Clock House District

Famous Beckenham people and the Clock House District

No.ForenameSurnameProfession etc.SexLocations within Clock House District *
1Dame JulieAndrewsSingerFCromwell Road, Hayne Road, Woodbrook School
2Dr F ABartonScientist/BalloonistMBeckenham Road, Croydon Road Rec
3HughBean CBEMusicianMCroydon Road, BCSB
4Dame FloellaBenjaminTV Presenter and Life PeerFMackenzie Road
5EnidBlytonAuthorFFive Roads, Four Schools, One Church
6CareyBlytonComposerMElm Road, Sidney Road, Library, BCSB
7RobBonnetTV & Radio Sports ReporterMHayne Road, Woodbrook School
8RobertBorrowmanHistorian 1910MAll over Beckenham
9Col Sgt FrankBourneSoldierMKings Hall Road
10SydneyBoxDramatist/Film MakerMBalgowan Road and Technical School
11BettyBoxFilm MakerFRavenscroft Road
12Sir PeircyBrettAdmiralMThe Clock House
13HaroldBrideTitanic Radio OperatorMTechnical School
15Lady AnnabellaByronPhilanthropistFThe Clock House
16GordonCarrComposerMBeckenham Road
17WesleyCarrDean of Westminster AbbeyMBeckenham Road
18ArthurCarrSalvation Army Chief of StaffMBeckenham Road
19HenryCarrArtist and tutorMBeckenham Schol of Art
20PatriciaCarrollMusician - PianistFBCSG
21DavidCaseAir CommodoreMBCSB
22AlbemarleCatorLandownerMThe Clock House
23PhyllisChaseArtistFQueens Road, St Christophers School
24GrahamClarkeArtist and authorMBCSB, BSA
25PaulCreswickAuthorMKings Hall Road
26CharlesDarwinScientistMBeckenham Road
27WalterDe La MarePoetMMackenzie Road
28Syme &DuncanBuildersMBeckenham Road
29WilliamEdenLand ownerMWest Beckenham area
30Edith MargeryFoxHeadmistressFBCSG
31PeterFramptonRock StarMBCSB
33JohnFrostSingerMCromwell Road, Sidney Road
34MonicaFurlongWomen's RightsFLennard Road, Holy Trinity Church
36DuncanGoodhewOlympic Swimmer - BronzeMBSC
37EdwinGreenfieldArtistMTech and BSA
38L/Cpl JohnHarman VCSoldierMShrewsbury Road
39C. WalterHodgesArtistMCromwell Road
40SheilaHodgsonAuthorFCroydon Road,
41EricInmanHistorianMCroydon Road Rec
42Captain O PJonesAirline PilotMTechnical School
44JohnMannActor -Dick Barton's #2MCromwell Road
45JohnMantleFilm MakerMCroydon Road, Broomfield Road
46CatherineMarshPhilanthropistFAll of Beckenham
47JefferyMatthewsStamp DesignerMKings Hall Road
48JohnMilesGraphic DesignerMBSA
49BobMonkhouseActorMb. Bromley Road, performed many places
50DavidMunroImpresarioMBCSB, Village Way,
51MaryPotterArtistFBeckenham Road, St Christopher's School
53MrsRichardsRestaurateurFBeckenham Road
54MollieRussell-SmithArtist and poetFCromwell Road, BSA
55GeoffryRussell-SmithComposerMClock House Road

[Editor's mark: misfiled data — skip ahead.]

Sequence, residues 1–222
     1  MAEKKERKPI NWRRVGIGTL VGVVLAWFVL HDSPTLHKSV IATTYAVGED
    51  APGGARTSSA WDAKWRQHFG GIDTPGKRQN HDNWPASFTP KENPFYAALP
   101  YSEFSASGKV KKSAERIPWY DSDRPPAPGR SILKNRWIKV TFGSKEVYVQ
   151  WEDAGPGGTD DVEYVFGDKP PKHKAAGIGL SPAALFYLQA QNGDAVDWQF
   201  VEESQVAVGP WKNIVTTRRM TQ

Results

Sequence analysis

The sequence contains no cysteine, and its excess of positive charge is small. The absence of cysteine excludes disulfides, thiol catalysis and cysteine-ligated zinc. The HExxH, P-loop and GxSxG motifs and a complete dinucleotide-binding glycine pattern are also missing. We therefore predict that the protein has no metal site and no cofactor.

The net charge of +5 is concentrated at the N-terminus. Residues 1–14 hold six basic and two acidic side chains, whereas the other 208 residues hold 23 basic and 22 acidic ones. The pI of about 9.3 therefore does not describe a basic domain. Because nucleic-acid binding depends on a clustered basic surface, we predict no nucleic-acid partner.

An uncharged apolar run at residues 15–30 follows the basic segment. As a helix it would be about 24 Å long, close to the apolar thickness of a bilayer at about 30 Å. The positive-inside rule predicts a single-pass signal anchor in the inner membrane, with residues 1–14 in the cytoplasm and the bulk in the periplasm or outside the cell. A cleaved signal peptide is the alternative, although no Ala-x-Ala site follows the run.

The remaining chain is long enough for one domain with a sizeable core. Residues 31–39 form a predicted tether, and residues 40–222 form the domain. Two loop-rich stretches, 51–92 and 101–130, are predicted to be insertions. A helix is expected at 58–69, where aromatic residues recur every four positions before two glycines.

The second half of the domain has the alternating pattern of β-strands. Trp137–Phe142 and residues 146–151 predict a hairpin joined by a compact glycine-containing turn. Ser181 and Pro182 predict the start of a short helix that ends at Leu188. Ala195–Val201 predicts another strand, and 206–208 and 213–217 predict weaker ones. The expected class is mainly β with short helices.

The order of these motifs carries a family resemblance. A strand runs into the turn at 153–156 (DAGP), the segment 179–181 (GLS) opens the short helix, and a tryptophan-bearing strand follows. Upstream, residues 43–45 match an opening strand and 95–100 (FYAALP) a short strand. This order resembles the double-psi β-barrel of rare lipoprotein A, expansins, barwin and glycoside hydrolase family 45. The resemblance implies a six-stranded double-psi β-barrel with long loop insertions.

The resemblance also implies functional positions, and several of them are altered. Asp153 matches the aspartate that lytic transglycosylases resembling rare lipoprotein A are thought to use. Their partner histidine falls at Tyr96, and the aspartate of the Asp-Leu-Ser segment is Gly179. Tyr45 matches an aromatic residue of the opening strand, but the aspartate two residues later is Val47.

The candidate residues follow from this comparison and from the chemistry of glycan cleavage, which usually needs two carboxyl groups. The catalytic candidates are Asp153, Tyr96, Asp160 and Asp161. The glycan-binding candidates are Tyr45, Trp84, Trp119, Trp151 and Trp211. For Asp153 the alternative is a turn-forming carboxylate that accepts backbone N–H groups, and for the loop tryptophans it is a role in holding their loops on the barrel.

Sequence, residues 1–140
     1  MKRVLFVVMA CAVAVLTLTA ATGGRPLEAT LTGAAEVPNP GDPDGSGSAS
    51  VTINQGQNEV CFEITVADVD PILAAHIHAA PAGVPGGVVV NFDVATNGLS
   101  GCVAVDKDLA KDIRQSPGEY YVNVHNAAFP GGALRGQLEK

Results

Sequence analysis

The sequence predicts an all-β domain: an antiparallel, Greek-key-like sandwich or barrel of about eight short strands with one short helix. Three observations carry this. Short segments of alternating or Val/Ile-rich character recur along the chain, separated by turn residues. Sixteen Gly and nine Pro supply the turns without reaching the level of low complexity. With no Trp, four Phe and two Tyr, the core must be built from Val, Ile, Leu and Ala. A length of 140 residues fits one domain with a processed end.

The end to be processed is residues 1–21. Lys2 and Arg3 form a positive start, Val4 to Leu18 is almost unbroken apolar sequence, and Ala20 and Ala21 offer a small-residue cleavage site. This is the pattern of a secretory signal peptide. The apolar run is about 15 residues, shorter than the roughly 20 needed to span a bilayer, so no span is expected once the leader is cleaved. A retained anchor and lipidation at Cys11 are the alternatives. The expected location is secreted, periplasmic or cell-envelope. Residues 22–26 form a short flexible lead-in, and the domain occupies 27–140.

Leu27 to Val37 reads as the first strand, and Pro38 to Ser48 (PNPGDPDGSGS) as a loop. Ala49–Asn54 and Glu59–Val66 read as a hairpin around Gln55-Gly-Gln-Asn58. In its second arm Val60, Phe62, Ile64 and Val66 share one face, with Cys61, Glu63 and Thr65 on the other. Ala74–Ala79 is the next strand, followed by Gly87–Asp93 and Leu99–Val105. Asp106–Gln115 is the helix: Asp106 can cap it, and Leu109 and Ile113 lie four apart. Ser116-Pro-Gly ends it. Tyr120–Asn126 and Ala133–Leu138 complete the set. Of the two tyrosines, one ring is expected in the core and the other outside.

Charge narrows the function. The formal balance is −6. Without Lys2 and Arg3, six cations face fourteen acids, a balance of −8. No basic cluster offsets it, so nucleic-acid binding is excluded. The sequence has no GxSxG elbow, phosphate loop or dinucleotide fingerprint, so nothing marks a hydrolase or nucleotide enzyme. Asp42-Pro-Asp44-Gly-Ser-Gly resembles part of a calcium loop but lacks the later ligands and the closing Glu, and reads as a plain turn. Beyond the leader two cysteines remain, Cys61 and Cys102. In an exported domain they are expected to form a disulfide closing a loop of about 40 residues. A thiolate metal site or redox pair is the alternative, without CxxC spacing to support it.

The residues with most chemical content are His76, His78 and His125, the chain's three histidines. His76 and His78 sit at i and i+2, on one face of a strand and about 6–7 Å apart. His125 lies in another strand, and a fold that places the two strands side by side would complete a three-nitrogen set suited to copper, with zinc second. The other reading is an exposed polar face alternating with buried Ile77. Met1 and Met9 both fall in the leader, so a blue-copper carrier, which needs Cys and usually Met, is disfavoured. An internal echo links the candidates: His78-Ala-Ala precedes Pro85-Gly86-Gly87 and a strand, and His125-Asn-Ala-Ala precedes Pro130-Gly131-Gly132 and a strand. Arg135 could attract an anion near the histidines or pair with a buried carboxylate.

56LionelSawkinsMusic EditorMAldersmead Road
57Frank & PeggySpencerBallroom DancerMRoyston Road
58VictorThorntonTheatrical Director and BJ ownerMTechnical School
59NancyTonkinAuthor & AnglerFBlandford Road
60SusanTonkinRAF Group CaptainFBlandford Road, BCSG
65L.W. 'Jumbo'WhiteHeadmasterMBCSB
66T. W. 'Tom'WilliamsCreator of Top of the FormMTech and BCSB
68GarnetFrostArtist + Save the Studio/LibraryMCromwell Road and Clock House Parade


AbbreviationsBCSBBeckenham County School for Boys
 BCSGBeckenham County School for Girls
 BSABeckenham School of Art
 BSCBeckenham Swimming Club

Beckenham Library

Beckenham Library LBB’s Closure Plans 

The following article is part of the an appeal to Historic England to classify the Library as a listed building.


Beckenham Library has played a central part in the area’s cultural and historical development and enjoyment but crucially has national connections with famous names and events. It should be included on the national list of buildings of historic and architectural interest for the reasons outlined below.

Carey Blyton 1932-2002

Carey Blyton, internationally celebrated musician and composer was born on 14th March 1932. He was the second son of Floss and Hanly Blyton and lived at 62 The Drive, Beckenham and was the nephew of Enid Blyton, another Beckenham resident whom he later collaborated with on musical compositions. He went to school at The Grange infant’s school, Beckenham and Beckenham Grammar School. His interest in music started when he took up piano playing following contracting life- threatening Polio. He visited Beckenham Library regularly after school inspired by its excellent music section and old stock records and scores which could be purchased.